Is the Geneva School of Business and Economics Accredited

Discussion in 'Accreditation Discussions (RA, DETC, state approva' started by Economist, Nov 18, 2016.

  1. Economist

    Economist New Member

    I came across the Geneva School of Business and Economics. Although, they do include info on their website pertaining to their accreditation, I can't seem to make much sense of it, which is why I need the forum's help.

    Recognition & Accreditation
  2. SteveFoerster

    SteveFoerster Resident Gadfly Staff Member

    Nothing on that page indicates accreditation.
  3. Kizmet

    Kizmet Moderator Staff Member

    When I read it, it says "We're unaccredited."
  4. Economist

    Economist New Member

    Thanks for the timely and reliable feedback!
  5. Johann

    Johann Well-Known Member

    This is just another of the many Swiss Cantonally-licensed distance schools. They vary from awful to excellent; I name no names. None of them have the equivalent of what we call Institutional Accreditation. The better Cantonally-licensed schools have various programmatic accreditations - ACBSP etc. One very exclusive school of this type, IMD, has "triple-crown" accreditation - EQUIS, AACSB & AMBA. At the low end of the scale, there are schools that are pretty much degree mills. Again, I name no names.

    This Geneva School does not appear to have any well-known programmatic accreditation - or they'd be sure to let us know. The cost of a Bachelor's degree there is almost 20K. I'd say you could do better, either in Switzerland or elsewhere for that kind of money. If you want a degree from a Cantonal school, at least look for one with programmatic accreditation. Even so, your mileage can vary - a LOT! It is very important that you make sure such a degree will take you where you want to go - before you sign up.

    We've been over and over the reasons these (100% legal) Cantonal distance schools don't have / will probably never get mainstream (Swiss Federation) approval and I don't want to send anyone to sleep. Review the many threads if you need to.

    Last edited by a moderator: Nov 19, 2016
  6. decimon

    decimon Well-Known Member

    It may be too new for accreditation.

    "Students of the new GSEM benefit from a new Bachelor’s degree that brings together the principal disciplines they need to master in a core curriculum. By choosing from an array of major and minor electives, upon graduation they will possess broad expertise for the pursuit of their careers or further studies. This new Bachelor’s degree also affords automatic entry into any Master’s degree program offered by the GSEM and even to a number of Master’s programs offered by other Universities and Institutes. This new curriculum will be in place starting in fall 2015, with orientation provided to assist new students with the transition.

    The GSEM’s new curriculum will be accompanied by innovative teaching methods designed to encourage individual learning and for greater relevance to the needs of the job market. The GSEM will meet international standards of excellence in order to gain accreditation and a prominent place in international rankings."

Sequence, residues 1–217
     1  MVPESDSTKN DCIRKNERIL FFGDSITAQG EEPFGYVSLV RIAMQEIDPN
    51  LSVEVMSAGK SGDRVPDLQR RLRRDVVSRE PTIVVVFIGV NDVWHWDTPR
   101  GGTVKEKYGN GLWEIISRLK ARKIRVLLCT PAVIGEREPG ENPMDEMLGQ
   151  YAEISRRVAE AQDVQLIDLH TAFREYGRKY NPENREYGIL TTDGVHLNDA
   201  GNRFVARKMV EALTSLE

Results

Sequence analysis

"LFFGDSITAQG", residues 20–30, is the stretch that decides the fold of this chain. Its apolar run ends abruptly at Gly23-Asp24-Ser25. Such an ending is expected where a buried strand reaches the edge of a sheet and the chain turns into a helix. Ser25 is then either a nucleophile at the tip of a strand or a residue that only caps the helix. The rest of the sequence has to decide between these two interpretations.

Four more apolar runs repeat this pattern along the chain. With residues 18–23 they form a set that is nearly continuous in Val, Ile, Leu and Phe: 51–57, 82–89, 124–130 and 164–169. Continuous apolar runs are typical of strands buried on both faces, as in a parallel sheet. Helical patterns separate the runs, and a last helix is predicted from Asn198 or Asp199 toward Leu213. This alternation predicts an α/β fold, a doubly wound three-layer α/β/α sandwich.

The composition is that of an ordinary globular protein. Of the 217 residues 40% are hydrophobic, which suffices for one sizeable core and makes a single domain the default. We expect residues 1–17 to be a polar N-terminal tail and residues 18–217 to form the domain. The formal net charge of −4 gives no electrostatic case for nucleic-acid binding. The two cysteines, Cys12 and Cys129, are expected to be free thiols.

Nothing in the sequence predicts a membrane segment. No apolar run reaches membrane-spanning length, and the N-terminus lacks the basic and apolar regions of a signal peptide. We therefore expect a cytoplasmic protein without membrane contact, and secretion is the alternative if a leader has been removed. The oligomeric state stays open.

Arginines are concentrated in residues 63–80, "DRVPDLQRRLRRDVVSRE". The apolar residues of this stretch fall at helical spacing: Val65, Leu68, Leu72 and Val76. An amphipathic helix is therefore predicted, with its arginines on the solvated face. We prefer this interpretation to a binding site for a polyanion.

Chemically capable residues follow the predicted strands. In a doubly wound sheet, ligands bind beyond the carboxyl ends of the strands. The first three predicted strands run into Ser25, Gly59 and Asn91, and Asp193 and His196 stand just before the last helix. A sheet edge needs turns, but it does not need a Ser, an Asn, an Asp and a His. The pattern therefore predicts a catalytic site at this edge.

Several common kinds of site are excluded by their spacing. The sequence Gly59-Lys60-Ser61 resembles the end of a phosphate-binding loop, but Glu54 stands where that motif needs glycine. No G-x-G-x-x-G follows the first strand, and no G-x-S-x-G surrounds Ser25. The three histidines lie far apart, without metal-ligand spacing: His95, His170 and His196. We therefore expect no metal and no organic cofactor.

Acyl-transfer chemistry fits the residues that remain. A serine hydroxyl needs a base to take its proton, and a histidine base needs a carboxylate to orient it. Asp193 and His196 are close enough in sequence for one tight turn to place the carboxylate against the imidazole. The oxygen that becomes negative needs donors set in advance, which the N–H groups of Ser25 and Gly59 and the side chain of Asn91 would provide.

7. Johann

    Johann Well-Known Member

    I don't think so. This is Switzerland. American 2-year rule doesn't apply here. Anyway, Cantonal schools can't get Swiss Federal recognition (equivalent to institutional accreditation) for reasons previously explained on this board - e.g. requirements of 100 full-time highly-qualified professors, buildings, library holdings etc - stuff a distance school can't do, period. Programmatic accreditation doesn't seem to have a cast-in stone 2-year (or other) rule. All an overseas school needs to apply to ACBSP is "sufficient degree-granting authority in (the school's) own country" - and Cantonal licensing covers that for them - and other programmatic accreditors. I see no reason why this school could not apply for programmatic accreditation - and so state in its advertising. (It will usually take two years or more to achieve recognized programmatic accreditation.) ACBSP candidates state that they've applied - regularly. But so far, AFAIK, this school hasn't applied.

    Last edited by a moderator: Nov 19, 2016
  8. SteveFoerster

    SteveFoerster Resident Gadfly Staff Member

    Considering how many of the Swiss schools rely on American programmatic accreditors to demonstrate institutional effectiveness, it certainly does apply.
  9. Johann

    Johann Well-Known Member

    Doesn't that 2-year rule only apply to institutional accreditation, RA or NA, Steve? It applies in a blanket sense in the US because the schools have to be institutionally accredited before the programmatic accreditors can look at programs. But abroad, all applicant schools need is "sufficient degree granting status in their own countries" - and licensing is often accepted for that, as in this case.

    So what can stop them from applying for porgrammatic accreditation as soon as the doors are open, if they want to?

    Last edited by a moderator: Nov 20, 2016

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